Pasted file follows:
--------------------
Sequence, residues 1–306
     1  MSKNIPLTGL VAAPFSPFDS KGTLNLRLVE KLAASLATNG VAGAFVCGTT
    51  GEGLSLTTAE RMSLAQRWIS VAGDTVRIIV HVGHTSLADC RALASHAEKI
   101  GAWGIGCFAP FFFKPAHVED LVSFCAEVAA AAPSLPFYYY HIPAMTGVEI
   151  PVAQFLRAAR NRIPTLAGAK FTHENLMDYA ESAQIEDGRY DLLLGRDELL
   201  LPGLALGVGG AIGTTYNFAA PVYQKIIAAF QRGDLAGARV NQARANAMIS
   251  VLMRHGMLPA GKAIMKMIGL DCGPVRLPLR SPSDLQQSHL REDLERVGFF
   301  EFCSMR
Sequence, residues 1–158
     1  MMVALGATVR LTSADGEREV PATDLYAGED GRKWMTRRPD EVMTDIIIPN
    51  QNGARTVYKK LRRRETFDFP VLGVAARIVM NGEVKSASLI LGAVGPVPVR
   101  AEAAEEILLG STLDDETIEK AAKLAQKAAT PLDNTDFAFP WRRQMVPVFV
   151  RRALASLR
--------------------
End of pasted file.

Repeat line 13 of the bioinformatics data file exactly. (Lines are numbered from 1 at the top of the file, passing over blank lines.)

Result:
   151  RRALASLR